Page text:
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Toyota Prius v

Toyota Prius c Concept
Toyota prepares its 40 mpg "family" hatchback

We first brought you news of the production version of the Prius v, a larger variant of the popular Prius, back in January. The Prius v is the latest effort by Toyota to expand its hybrid reach and make the Prius nameplate its best selling model in the United States (that honor currently goes to the Camry). 

Ed Larocque, Toyota's Marketing Manager of Advanced Technology, has confirmed that the 5-seat hatchback will go on sale in October of this year. The Prius v was supposed to go on sale this summer, but the earthquake that hit Japan in March altered Toyota's production schedule. 

Toyota hopes that it will find 30,000 buyers a year in the U.S. for its new Prius v, which shouldn't be too hard a target to hit. Toyota sold 140,928 Prii in 2010 alone. 

The larger body of the Prius v allows it to have more cargo room than its sibling (34.3 cu ft behind the rear seats versus 21.6 cu ft). Toyota says that this better use of space will make the vehicle a better fit for young families who don't want to step up to a mammoth minivan or crossover.

Unfortunately, maximum seating capacity for the Prius v is an un-minivan-like five. Toyota offers a seven-seat variant of the Prius v in Japan which is made possible because the Japanese market vehicle uses a smaller, lighter lithium-ion battery pack which is located between the front seats. In an effort to keep costs in check for the U.S. market, Toyota decided to use an older style nickel-metal hydride battery pack which is located in the cargo area, robbing space for the third-row seat.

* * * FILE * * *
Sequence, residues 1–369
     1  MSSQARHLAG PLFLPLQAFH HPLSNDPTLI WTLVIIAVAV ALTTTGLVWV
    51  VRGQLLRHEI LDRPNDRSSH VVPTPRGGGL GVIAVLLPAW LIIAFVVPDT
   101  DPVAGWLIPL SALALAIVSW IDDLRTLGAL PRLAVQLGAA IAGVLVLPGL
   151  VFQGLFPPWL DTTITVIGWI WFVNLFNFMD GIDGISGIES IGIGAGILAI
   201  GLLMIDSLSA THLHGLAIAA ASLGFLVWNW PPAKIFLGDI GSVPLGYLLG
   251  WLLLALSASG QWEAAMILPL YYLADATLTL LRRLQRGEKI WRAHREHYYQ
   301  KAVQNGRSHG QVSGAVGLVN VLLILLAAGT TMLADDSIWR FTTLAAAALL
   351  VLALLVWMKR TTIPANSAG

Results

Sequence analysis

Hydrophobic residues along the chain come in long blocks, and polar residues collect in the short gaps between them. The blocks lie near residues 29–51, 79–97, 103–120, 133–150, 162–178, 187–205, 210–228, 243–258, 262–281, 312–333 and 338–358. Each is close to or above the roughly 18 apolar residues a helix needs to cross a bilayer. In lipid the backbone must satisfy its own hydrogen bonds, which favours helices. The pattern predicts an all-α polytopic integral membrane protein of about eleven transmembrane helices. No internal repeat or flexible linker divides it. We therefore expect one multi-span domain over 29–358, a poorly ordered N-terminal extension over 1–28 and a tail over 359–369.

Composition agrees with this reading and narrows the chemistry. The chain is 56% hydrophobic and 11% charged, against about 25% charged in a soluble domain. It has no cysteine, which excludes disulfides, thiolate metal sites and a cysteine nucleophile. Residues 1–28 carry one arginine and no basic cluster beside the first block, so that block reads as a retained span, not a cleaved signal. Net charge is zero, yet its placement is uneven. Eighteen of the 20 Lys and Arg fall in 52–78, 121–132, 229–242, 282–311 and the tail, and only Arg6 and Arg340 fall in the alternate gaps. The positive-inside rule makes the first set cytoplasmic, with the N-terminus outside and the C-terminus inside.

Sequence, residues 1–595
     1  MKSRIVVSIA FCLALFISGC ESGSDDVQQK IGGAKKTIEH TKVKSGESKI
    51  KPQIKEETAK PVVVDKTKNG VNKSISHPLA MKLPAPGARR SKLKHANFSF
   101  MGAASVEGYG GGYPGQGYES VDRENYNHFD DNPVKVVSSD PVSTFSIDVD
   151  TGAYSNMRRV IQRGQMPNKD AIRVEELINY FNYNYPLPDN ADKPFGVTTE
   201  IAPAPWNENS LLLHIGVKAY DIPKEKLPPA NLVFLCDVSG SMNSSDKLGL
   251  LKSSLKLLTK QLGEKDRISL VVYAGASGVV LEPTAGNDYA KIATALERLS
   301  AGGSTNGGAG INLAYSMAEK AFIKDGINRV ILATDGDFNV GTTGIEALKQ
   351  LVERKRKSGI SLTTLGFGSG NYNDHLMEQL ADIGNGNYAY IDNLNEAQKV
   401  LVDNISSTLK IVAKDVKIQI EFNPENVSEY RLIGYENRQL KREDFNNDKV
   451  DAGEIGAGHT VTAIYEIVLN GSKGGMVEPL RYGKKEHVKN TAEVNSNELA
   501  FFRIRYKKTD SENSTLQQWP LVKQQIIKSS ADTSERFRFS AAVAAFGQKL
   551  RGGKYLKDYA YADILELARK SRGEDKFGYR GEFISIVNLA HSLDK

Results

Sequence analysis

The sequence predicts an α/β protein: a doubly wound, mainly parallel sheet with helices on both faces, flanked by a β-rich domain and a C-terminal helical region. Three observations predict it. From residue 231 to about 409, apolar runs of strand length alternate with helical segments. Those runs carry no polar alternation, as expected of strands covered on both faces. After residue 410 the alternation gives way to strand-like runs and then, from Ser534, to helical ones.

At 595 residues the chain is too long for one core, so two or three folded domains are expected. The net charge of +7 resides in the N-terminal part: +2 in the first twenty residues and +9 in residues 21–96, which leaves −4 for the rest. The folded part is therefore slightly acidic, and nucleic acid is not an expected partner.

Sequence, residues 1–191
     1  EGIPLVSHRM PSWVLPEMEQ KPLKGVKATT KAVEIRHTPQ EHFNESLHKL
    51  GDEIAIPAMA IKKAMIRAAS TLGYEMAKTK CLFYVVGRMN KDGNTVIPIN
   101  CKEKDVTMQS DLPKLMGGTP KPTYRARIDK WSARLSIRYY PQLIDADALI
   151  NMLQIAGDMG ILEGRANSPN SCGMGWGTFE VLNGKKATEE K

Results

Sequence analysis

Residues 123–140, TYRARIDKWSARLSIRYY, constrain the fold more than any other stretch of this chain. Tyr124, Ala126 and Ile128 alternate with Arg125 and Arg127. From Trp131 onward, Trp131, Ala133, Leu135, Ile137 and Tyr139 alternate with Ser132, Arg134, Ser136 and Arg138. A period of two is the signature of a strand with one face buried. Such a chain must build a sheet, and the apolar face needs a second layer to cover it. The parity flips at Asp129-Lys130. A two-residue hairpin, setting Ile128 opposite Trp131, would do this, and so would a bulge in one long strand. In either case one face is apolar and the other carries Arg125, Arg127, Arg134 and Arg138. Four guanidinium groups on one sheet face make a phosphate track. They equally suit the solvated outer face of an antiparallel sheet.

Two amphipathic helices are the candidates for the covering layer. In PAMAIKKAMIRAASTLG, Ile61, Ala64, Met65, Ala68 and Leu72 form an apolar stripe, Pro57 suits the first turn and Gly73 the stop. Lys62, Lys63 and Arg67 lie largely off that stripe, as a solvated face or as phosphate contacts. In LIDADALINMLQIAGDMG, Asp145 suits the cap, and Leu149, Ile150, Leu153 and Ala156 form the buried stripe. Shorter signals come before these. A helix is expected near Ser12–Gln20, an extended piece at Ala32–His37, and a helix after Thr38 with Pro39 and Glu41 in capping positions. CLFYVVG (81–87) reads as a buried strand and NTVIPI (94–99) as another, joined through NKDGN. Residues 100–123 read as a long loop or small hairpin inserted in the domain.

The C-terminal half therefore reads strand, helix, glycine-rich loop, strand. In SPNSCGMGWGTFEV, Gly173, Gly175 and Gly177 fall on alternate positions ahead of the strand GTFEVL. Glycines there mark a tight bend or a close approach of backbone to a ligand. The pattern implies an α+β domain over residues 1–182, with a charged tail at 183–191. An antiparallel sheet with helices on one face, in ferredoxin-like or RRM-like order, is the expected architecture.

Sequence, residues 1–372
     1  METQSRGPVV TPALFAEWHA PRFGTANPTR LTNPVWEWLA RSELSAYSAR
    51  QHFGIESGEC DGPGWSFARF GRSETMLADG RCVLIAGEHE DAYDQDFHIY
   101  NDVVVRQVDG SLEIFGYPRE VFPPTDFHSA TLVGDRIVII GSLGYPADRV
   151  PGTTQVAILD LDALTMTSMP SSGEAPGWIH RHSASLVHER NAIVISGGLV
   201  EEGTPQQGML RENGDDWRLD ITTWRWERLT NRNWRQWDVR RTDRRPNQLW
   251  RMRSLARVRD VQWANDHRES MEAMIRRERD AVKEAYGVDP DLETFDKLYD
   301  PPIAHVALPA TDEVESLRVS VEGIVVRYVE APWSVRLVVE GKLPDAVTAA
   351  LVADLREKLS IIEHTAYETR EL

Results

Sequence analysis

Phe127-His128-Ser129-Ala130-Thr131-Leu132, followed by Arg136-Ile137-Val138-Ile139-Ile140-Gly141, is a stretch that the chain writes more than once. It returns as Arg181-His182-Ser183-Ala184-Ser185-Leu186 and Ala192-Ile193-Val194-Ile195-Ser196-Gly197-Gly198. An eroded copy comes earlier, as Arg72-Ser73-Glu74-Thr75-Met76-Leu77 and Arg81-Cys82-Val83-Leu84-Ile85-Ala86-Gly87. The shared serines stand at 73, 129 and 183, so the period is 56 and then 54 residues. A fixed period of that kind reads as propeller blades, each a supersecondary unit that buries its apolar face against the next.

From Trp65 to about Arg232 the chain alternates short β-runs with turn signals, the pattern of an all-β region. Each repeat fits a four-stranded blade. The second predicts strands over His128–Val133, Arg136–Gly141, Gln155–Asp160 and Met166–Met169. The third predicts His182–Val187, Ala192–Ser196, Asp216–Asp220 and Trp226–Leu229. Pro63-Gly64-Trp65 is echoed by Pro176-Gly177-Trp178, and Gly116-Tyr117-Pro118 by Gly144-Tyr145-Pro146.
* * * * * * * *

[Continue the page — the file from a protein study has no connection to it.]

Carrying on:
Another downside is that the Prius v uses the same powertrain as the standard Prius, yet it is over 200 pounds heavier. That means that 60 mph comes up in a leisurely 11.5 seconds. The added weight and inferior aerodynamic design mean that the Prius v can "only" muster 40 mpg combined compared to 50 mpg combined for the Prius.

Pricing has not yet been announced, but it expect the Prius v to be priced a few thousand more than a comparably equipped Prius.

The Prius family will grow yet again this time next year with the 50+ mpg subcompact Prius c.

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RE: Drawbacks
By Iaiken on 6/23/2011 1:43:50 PM , Rating: 2
There IS a difference you know.

I know, but I also know a case of lying by omission when I see it. Are you familiar with the notion? While they haven't outright said that the primary function of PP, it doesn't take a genius to realize that when they talk exclusively about this one aspect of the organization, it creates an impression in the uninformed viewer that this is all that planned parenthood does.

Conversely, I challenge you to find me a single instance in Fox's main news feeds where they completely and accurately describe the objectives of the organization and the number of people receiving each service and how much funding is used to provide them. This information is conveniently left out and it's absence creates false impressions; which, if done deliberately, equate to a flat out lie. When this is done repeatedly, as Fox has done since February of this year, it becomes indicative of hatchet job reporting in support of an agenda.